that the population of 1401 jails in India exceeded their actual capacity by
52,842 in 2015 at an Occupancy Rate of 114.4%.9
These statistics clearly point towards the fact that the cases of torture are
dealt with very lightly in India.

            Recently, a
school bus conductor was arrested on the allegation of murdering a seven year
old boy studying in Ryan School. The alleged was “punched in the stomach and
whisked off to the police station” and was not provided with any meals for a
couple of days. He was “tied up, slapped, beaten, brutally tortured, and
threatened by Gurgaon Police personnel”.10
Later, as the investigation took shape, it was discovered that a senior student
of the school had committed the murder and not the bus conductor. A mere allegation
made him suffer for his dignity due to the moral neglect of the police
personnel. This is only one of the many such torture cases that take place
across the nation, unreported. Such acts might also lead to a false confession
by the victims and lead to their unwarranted conviction. This conduct clearly
violates Article 20(3) of the Constitution of India which provides that “no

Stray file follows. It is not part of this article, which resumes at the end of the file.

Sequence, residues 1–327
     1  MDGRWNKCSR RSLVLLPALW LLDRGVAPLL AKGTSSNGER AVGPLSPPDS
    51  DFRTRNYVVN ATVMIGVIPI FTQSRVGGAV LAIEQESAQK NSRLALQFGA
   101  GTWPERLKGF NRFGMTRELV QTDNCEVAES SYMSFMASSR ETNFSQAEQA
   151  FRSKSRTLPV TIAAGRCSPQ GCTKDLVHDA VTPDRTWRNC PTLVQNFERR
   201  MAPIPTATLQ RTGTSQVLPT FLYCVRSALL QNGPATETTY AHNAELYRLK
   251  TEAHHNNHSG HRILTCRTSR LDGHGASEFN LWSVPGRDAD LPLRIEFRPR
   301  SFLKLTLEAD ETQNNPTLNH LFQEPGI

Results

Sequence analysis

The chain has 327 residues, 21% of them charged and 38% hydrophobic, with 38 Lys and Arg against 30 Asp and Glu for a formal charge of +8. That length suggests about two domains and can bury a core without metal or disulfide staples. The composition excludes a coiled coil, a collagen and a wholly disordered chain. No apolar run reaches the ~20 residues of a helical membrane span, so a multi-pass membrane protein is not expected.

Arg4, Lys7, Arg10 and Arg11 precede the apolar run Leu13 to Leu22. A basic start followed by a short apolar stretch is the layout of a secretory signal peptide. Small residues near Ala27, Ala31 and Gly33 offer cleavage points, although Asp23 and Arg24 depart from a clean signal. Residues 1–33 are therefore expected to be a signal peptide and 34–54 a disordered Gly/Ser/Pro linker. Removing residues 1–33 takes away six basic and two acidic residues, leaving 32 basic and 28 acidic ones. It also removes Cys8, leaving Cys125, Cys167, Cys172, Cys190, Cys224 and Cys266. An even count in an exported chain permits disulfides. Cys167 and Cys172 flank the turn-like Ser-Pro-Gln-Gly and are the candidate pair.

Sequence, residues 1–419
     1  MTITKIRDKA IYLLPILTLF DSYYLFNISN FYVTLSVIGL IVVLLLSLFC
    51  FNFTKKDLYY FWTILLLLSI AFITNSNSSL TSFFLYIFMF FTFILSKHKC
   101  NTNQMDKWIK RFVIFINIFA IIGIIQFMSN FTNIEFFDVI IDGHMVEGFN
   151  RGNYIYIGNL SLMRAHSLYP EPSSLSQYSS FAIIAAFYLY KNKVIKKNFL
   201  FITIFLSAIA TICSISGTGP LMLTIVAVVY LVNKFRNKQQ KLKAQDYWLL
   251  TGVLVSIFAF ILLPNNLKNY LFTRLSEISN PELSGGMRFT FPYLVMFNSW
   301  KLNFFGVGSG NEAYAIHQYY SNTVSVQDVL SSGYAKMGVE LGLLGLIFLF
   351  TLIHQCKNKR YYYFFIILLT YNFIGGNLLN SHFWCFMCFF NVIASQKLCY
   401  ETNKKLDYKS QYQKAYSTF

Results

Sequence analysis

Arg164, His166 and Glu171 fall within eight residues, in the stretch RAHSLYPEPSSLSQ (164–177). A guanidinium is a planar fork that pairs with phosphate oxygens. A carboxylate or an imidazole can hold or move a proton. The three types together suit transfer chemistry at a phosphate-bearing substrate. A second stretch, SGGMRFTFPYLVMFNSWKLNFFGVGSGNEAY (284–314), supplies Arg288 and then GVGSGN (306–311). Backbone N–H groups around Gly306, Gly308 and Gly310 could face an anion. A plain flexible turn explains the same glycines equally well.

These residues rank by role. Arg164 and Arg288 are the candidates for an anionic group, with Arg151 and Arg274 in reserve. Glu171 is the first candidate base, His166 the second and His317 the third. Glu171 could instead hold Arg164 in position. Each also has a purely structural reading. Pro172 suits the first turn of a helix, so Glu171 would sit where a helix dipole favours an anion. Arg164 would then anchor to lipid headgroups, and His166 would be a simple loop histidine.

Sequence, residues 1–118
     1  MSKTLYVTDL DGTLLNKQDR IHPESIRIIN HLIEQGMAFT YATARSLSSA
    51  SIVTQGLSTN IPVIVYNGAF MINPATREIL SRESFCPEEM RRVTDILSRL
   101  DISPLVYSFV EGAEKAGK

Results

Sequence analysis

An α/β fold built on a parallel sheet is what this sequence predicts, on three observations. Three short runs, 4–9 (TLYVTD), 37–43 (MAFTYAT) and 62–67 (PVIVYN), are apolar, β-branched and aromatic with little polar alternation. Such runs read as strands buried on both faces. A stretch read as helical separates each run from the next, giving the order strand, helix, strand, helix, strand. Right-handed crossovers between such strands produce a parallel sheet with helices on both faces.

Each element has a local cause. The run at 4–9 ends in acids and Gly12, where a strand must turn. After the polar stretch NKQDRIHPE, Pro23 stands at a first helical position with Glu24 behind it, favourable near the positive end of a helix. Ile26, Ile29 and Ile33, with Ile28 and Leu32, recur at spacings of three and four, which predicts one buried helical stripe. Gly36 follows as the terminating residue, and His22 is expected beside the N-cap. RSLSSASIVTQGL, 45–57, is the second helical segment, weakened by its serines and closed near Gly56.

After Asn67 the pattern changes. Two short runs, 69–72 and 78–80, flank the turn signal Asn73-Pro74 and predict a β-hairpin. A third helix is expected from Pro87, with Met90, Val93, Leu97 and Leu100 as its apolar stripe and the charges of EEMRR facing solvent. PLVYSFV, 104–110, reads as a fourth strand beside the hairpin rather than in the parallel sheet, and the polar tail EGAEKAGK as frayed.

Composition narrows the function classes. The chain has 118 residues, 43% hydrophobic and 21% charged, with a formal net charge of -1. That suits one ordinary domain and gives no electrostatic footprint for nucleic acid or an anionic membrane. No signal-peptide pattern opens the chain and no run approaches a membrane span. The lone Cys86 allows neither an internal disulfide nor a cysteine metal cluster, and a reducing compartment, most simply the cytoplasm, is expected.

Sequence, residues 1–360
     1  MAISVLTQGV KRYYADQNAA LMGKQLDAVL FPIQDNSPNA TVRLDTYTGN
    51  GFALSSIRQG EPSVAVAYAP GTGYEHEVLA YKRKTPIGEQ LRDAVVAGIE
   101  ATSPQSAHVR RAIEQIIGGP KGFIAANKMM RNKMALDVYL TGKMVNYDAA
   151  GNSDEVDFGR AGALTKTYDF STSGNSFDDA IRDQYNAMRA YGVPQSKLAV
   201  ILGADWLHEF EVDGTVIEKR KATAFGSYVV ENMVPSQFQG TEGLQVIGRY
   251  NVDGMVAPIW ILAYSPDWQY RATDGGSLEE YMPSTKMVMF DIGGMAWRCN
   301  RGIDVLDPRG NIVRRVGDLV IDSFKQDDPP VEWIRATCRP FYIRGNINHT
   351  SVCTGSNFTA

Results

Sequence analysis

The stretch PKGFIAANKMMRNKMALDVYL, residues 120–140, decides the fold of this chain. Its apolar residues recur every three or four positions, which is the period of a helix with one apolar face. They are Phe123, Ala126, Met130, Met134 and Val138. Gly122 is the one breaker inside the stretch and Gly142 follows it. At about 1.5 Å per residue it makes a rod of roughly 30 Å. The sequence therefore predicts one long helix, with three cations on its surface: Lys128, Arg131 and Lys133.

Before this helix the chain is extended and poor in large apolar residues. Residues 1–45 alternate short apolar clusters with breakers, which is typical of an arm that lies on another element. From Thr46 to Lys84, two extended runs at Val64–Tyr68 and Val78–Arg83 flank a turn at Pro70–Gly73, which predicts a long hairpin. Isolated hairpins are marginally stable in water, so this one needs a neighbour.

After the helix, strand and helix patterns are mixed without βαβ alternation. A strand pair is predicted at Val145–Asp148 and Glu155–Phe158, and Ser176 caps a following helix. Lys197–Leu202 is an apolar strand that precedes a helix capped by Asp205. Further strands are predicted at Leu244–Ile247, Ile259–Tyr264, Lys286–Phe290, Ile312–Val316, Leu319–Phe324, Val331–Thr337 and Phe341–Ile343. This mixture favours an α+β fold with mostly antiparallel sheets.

person accused of any offence shall be compelled to be a witness against
himself”. Further, it also stands in violation of Article 21 which grants Right
to Life and Personal Liberty to every citizen and covers within itself a right
to live with human dignity as reiterated by the Hon’ble Supreme Court in a
catena of judgements.

            The saga of
injustice does not end here. This custodial torture also paints a gloomy
picture of the class divide prevalent in India. The gulf between the haves and
the have nots extends its arms to the treatment of the inmates by the
personnel. Former Bihar Chief Minister Lalu Prasad Yadav was recently convicted
in a fodder scam case by a CBI court and was reported to get facilities like
TV, newspaper, and personal meetings in Birsa Munda jail.11
While on one hand, a bus conductor was tied and beaten up on a mere allegation,
on the other, a scandalous minister who stashed his vaults with the exchequer’s
money will be provided with luxuries within the jail. In the words of Lord
Hewart CJ, “not only must justice be done, it must also be seen to be done”12.

            The Indian
machinery has proved to be a failure in protecting its citizens from torture
which has led to a loss of reputation internationally. It has been unable to
ratify the Convention against Torture even after being a signatory to it. This
has also led to India’s failure to enter into successful extradition treaties. When
an attempt was made to extradite Mr Vijay Mallya to India in a loan default
case, his counsel urged, “given Mr Mallya’s medical conditions, which included
diabetes, coronary artery disease and sleep apnoea, he could not be extradited